The neo-liberal compact not only accelerated the redistribution of wealth from labour to capital; it has been central to the modernisation of capitalism in its new phase of technological development. In the financial, knowledge and cultural sectors of the economy, new practices of capital accumulation co-opted the values of the 1960s counter-cultures of the young middle classes. The cognitive and emotional capacities of the individual are its productive forces. Self expression, anti-establishment sentiment and emotional attunement to the world are forms of economic potential.
The expanding universities sector provides the communicative labour for production processes that extend beyond output to incorporate consumers in the co-creating of symbolic meaning. In this new economy, consumption involves the pursuit of experience and the aesthetic practice of assembling objects and meaning in the process of self-becoming. The economic raw materials of this effervescent form of capitalism are intangibles like information, symbolic meaning, sounds and images, sensibilities, social connections and styles of living. Its economic activities generate a cosmopolitan modernity of difference that is deepening people’s sense of individuality. Traditional moral collectivities have been undermined as individuals reject imposed and universalist sets of rules and obligations in favour of an ethics whose styles are more in keeping with the ancient Stoic philosophers and their injunction to, ‘spend your whole life learning how to live’. ((Seneca (1997), Dialogues and Letters, Penguin Books, London.))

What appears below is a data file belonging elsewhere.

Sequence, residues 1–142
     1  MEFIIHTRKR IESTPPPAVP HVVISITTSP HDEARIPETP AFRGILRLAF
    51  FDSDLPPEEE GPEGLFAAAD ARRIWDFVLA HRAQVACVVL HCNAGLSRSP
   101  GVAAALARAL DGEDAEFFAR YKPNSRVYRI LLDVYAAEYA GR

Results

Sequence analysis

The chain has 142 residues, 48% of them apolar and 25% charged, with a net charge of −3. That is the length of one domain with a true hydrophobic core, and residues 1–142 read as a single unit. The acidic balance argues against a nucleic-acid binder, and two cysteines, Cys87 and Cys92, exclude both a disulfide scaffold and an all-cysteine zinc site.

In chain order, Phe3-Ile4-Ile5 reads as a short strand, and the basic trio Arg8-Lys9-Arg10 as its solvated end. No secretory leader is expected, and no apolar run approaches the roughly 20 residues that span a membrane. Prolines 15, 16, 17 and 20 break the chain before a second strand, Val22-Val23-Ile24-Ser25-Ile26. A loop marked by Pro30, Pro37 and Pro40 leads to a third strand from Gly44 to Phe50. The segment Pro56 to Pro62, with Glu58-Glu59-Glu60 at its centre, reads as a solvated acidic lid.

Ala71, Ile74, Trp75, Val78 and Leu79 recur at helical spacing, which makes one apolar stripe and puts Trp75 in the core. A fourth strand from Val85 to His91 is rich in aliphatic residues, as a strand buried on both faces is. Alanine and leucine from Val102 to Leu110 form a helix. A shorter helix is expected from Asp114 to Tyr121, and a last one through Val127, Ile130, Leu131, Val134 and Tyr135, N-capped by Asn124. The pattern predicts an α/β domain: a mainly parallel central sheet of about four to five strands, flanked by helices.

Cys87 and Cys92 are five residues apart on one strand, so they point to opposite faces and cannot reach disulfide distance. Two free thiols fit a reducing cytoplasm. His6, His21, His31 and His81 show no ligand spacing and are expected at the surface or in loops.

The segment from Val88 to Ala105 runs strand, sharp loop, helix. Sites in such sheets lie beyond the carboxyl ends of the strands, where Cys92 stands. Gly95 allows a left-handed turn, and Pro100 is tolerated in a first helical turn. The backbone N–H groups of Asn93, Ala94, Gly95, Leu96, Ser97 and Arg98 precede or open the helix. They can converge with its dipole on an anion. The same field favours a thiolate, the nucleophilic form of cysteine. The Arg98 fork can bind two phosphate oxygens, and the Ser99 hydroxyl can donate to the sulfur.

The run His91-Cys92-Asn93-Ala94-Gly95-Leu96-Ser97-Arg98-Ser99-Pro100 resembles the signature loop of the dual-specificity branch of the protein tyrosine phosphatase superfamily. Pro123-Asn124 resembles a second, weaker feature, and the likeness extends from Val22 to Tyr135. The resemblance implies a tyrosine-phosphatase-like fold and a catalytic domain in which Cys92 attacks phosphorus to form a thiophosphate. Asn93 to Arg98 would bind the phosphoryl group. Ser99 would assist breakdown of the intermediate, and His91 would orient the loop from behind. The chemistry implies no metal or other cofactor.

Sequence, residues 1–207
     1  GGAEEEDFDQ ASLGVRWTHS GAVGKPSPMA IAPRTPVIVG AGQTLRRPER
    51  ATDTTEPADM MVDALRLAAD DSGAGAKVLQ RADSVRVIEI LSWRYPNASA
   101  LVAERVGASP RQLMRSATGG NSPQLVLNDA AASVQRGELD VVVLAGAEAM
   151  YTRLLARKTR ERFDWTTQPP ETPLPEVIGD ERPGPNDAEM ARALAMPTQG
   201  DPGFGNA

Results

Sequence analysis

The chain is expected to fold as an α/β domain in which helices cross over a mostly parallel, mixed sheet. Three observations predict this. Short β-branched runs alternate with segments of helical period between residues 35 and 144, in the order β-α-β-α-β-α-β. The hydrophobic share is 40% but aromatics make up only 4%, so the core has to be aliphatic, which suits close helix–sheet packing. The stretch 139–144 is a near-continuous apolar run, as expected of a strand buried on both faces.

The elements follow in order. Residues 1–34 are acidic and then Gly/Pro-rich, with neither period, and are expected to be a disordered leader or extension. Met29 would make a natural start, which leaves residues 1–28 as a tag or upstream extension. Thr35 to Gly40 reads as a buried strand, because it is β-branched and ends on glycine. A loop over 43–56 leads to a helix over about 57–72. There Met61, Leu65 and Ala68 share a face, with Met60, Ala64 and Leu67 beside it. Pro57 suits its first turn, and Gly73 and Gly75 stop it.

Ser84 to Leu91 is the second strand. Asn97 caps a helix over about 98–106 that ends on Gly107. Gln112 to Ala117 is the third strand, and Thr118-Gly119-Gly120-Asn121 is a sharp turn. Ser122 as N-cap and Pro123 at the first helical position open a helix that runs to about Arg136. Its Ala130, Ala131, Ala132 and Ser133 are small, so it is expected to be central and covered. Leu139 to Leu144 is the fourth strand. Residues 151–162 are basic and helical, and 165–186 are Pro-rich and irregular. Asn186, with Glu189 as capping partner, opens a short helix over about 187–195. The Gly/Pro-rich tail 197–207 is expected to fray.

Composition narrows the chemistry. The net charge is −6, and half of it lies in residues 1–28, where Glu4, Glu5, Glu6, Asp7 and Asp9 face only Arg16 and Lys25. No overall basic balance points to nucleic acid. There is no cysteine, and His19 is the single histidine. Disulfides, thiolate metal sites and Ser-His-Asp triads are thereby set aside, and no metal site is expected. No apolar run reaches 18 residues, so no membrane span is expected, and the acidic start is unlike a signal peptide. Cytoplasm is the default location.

The individualisation of class and culture around these leading edges of technology driven production and consumption has been accompanied by the destruction of more collective ways of life. The collapse of manufacturing industry, its outsourcing to low wage economies overseas and the emergence of a global division of labour have undermined the income base of the working class. In 1976 the bottom 50 per cent of the population owned 12 per cent of the nation’s non-housing wealth. By 2003 it had fallen to 1 per cent. In parts of the country the working class has lost its productive role. Sections of the population exist as a reserve army of labour either economically inactive or in casualised and temporary jobs. The decline of traditional forms of employment and the creation of class segments superfluous to the needs of capital have destroyed traditional working class cultures and their virtues.
Over the last three decades, the neo-liberal model of capitalism has created a utilitarianism whose rational, economic calculation has contaminated all social relationships. Its creative destruction, its integration of personal life into market relations, the aggressive selling of cheap credit, and the destruction of cultural and moral inheritance has led to an economy without ethics. Modernisation and the erosion of civic culture have opened a cultural and economic gulf between the liberal middle classes and the mainstream working-class population. The breakdown of trust and a sense of disenfranchisement amongst the electorate has led to a crisis in political representation. Anxiety and uncertainty are expressed in a sentimental mythology about the national past, and a populist intolerance of cultural difference.